Obituary: Architect Robert Venturi, 93, Defined Postmodern Style
Architect Robert C. Venturi Jr., 93, hailed as a catalyzing force of the Postmodern architecture style who noted the influence of his wife and partner Denise Scott Brown in his 1991 Pritzker Prize win despite her not being included in the recognition, died Sept. 18 in Philadelphia, a family member told ENR’s sister publication Architectural Record. The cause was Alzheimer’s disease complications.
Venturi published his groundbreaking treatise, Complexity and Contradiction in Architecture, in 1966, and began a professional partnership with Scott Brown in 1969. Their Philadelphia firm now is called VSBA.
Venturi and Scott Brown also worked together on such landmark projects as the Allen Memorial Art Museum in Oberlin, Ohio, and Franklin Court in Philadelphia (both 1976), and the Sainsbury wing of the National Gallery in London (1991).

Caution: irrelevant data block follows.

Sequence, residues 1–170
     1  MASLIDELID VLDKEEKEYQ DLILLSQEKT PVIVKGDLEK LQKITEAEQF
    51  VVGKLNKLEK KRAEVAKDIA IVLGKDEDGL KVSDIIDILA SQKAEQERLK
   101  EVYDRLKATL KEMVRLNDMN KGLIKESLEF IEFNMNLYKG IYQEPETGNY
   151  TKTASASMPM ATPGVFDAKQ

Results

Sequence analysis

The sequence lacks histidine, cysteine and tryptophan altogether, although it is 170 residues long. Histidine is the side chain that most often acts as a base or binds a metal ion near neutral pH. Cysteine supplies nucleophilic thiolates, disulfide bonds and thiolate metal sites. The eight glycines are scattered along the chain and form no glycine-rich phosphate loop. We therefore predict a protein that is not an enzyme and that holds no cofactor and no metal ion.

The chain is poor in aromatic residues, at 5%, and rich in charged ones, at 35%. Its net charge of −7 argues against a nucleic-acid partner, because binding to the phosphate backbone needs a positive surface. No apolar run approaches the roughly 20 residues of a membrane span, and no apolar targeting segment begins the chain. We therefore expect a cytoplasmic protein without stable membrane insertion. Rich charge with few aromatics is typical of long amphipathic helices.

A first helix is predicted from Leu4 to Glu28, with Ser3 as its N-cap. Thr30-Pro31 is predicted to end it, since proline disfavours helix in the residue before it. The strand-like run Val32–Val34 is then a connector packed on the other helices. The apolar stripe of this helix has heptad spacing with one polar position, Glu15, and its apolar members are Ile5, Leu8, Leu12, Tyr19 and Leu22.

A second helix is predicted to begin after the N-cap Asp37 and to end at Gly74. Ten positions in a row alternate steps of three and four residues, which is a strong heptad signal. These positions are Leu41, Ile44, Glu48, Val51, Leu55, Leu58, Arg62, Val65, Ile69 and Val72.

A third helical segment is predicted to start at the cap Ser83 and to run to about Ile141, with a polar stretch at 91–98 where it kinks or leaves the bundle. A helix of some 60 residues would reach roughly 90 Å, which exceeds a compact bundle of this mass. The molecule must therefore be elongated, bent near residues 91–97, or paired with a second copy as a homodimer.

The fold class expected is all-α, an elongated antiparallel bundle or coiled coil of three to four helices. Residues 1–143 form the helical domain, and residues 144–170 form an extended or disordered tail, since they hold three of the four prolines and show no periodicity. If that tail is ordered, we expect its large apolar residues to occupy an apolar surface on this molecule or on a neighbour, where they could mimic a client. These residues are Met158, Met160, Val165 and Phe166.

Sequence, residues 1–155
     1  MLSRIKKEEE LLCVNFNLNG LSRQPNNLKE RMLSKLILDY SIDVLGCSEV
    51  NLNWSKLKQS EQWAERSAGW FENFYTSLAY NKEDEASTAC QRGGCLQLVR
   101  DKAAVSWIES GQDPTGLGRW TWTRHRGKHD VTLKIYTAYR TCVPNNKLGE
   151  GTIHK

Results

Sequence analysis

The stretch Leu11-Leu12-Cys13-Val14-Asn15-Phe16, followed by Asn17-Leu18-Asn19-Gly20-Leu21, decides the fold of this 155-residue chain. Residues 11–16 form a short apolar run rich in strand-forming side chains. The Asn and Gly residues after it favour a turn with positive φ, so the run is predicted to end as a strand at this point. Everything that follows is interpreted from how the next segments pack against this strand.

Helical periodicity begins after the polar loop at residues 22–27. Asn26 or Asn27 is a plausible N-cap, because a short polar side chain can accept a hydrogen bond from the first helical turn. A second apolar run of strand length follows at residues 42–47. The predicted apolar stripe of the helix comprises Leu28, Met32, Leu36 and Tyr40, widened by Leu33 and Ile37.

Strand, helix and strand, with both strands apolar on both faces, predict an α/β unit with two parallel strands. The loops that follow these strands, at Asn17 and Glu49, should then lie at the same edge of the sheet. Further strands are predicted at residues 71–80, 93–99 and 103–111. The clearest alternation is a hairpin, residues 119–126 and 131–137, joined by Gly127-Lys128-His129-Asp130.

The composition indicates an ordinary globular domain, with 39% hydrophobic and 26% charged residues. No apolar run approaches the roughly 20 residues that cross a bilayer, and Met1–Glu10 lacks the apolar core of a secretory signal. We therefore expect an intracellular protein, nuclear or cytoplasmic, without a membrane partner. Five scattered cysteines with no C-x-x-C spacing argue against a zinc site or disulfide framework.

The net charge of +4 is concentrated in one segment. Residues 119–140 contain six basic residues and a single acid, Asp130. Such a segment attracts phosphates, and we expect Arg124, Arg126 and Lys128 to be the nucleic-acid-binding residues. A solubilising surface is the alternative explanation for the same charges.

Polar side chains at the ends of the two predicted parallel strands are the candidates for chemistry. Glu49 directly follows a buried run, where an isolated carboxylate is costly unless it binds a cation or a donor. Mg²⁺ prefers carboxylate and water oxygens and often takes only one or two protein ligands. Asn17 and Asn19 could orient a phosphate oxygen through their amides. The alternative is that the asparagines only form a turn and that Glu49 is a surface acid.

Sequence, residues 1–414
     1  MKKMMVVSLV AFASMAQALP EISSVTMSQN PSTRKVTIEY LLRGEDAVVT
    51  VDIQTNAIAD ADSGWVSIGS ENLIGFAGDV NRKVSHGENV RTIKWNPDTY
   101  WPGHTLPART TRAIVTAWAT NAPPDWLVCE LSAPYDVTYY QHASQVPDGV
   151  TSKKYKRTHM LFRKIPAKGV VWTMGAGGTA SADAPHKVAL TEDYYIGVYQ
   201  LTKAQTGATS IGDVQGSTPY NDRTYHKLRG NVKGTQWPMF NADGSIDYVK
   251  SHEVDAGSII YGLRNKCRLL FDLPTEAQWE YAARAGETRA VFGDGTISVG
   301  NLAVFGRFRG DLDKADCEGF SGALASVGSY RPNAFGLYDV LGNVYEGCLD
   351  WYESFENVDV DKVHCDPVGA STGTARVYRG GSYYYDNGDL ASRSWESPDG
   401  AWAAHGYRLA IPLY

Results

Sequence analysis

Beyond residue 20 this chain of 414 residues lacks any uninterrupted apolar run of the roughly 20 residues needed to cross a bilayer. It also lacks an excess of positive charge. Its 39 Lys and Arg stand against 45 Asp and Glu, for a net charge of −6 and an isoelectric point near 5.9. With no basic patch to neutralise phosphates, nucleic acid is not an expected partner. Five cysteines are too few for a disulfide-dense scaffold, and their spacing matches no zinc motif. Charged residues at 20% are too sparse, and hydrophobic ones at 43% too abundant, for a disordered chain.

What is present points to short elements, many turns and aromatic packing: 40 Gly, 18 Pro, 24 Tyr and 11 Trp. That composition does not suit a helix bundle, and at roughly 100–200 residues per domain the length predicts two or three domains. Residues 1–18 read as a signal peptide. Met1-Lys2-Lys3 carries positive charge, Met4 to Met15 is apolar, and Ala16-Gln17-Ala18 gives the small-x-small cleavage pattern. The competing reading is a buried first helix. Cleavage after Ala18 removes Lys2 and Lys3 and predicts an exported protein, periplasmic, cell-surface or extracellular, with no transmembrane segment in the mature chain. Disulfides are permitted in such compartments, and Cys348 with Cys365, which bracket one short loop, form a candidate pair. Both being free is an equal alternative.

The pair received the American Institute of Architects’ Gold Medal in 2016, although Venturi had rejected the award years before because rules at the time barred two recipients, according to Architectural Record.
Venturi’s design for the London gallery came “after more than six years of design fiascos” says a 1987 ENR story. Planners rejected a previous modernistic design after it was described as “a monstrous carbuncle on the face of a much-loved friend” by Britain’s Prince Charles.
“We decided to respect the ‘much-loved friend’ by speaking the classical language,” Venturi said at the time. While he said his approach was to “create harmony,” ENR noted that “a two-story glass wall, skylights and other design features give the design ... an identity all its own.“
Click here for Architectural Record's obituary and professional tributes.
Photo copyright by Frank Hanswijk, courtesy of VSBA